~ By Bob Volpe ~
send the budget back to the city. Council has taken a hard line on
fiscal responsibility insisting the budget meet stricter guidelines
that restores the 10 percent budget reserve.
At two tables set up in a wide open V shape sat the mayor, council
members, the city manager and city finance director. It looked vaguely
like a living set up for the last supper.
Two other tables faced the open end of the V where the various city
department heads sat. Parks & Recreation, City Planning, Public Works,
Utilities, Special Projects, and the Chief of Police all sat facing
the open end of the V, like turkeys waiting to see who would be
pardoned by staff and who would be next weeks dinner.
Earlier this month council held their first workshop, to discuss ways
to cut spending in the 2018 budget. They kicked around proposals to
deny or lower city employee raises, eliminate the special projects
department, cut funding to Main Street, and fire a part time employee
at the cultural center. The only apparent survivor of that discussion
was the police department who would see the hiring freeze lifted and
future money released pending the completion of an employee and salary
survey early next year.
At this second meeting all that was thrown out with the bath water
when councilman John Schafer proposed the city live up to a 2014
council resolution which stated the budget must maintain a balance of
not less than 10 percent of the general fund’s total operating
expenditures as an emergency reserve. Shafer said, “We were serious
when we passed that. What’s happened in ensuing years did not provide
for the 10 percent.” Schafer insisted the budget be rewritten to
conform to the 10 percent rule. He said, “It’s passed time to become
better stewards and exercise our responsibility to oversee all matters
Currently the reserve is at about 5 percent, or $400,000, as a result
of dipping into the fund to help finance the Aquatic Center, Memorial
Park renovation, and the new city maintenance facility.
Mayor Levy’s response to Schafer’s statement was that achieving the
goal of 10 percent might be better if done in increments rather than
all at once in this budget. Mayor pro tem Carrol Harvey and councilman
Ken Matthews agreed with the mayor. Matthews suggested the budget aim
for a 7.5 percent reserve this year and make up the remainder with the
The rest of the council was steadfast that the 10 percent be reached
in this budget. The consensus this night was 4-2 to throw the budget
back to the city until it can come up with a budget that restores a 10
percent general fund reserve.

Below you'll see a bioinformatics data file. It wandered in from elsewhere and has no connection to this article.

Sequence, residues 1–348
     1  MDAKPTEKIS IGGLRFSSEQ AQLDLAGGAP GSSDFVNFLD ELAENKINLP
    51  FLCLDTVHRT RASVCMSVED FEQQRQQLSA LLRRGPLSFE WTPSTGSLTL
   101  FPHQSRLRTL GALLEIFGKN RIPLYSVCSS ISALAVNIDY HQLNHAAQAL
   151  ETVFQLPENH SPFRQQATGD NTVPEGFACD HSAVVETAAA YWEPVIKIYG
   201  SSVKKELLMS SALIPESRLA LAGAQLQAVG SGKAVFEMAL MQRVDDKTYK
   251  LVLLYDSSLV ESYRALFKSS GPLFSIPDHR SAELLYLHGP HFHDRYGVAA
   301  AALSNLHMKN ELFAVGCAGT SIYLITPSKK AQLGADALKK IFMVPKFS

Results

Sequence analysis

This was supposed to be councilman Val Carr’s day to shine. The small
committee, consisting of Carr, councilman Schafer, former councilman
Bob Carlsen, and Darwin Naccarato, spent hundreds of hours developing
a plan to make the city’s vehicle use more efficient and save the city
hundreds of thousands of dollars.
The Vehicle Usage Review Committee (VURC) penned its report last
October. It outlined ways to streamline vehicle usage by city
employees, including halting the practice of some employees driving
city vehicles home and disposing of excess vehicles.
Carr’s plan was loaded with data compiled by actual numbers from city
vehicle usage logs. It also compared the city’s vehicle usage to other
cities vehicle usage. The VURC study concluded that the city dispose
of 15 vehicles and institute a motor pool type of structure for the
certain transportation needs of city employees.
With the decision to have the budget conform to the 10 percent rule
Carr’s study was also thrown in the dust bin of history.
City manager David Buttery stated he is perfectly willing to rewrite
the budget to reach the 10 percent reserve with this budget. He said,
“If council directs me to get to 10 percent, we will get to 10
percent. But my expectation then would be that you won’t pick apart
the budget on how we got there for things that you might think are of
a specific interest to you. If you give me that goal, my expectation
will be, certainly you get to decide. If we get to that 10 percent, I
would hope we would get a budget that would pass.”
As soon as Buttery finished speaking Carr proclaimed he would not be
held hostage to not be allowed to lobby for the technology proposals
that are in the budget. The idea that one should be careful what one
wishes for, because you might just get it suddenly reared its ugly
So now we wait to see whose sacred cows get gored, what planned city
projects don’t get done next year, who and how many city employees
possibly lose their jobs or benefits, what public services are
eliminated or cut back, and what other public amenities are curtailed.
If this meeting resembled a living set up for the last supper, it was
clear, at the end of the meal, that nobody at the table was willing to
pick up the check.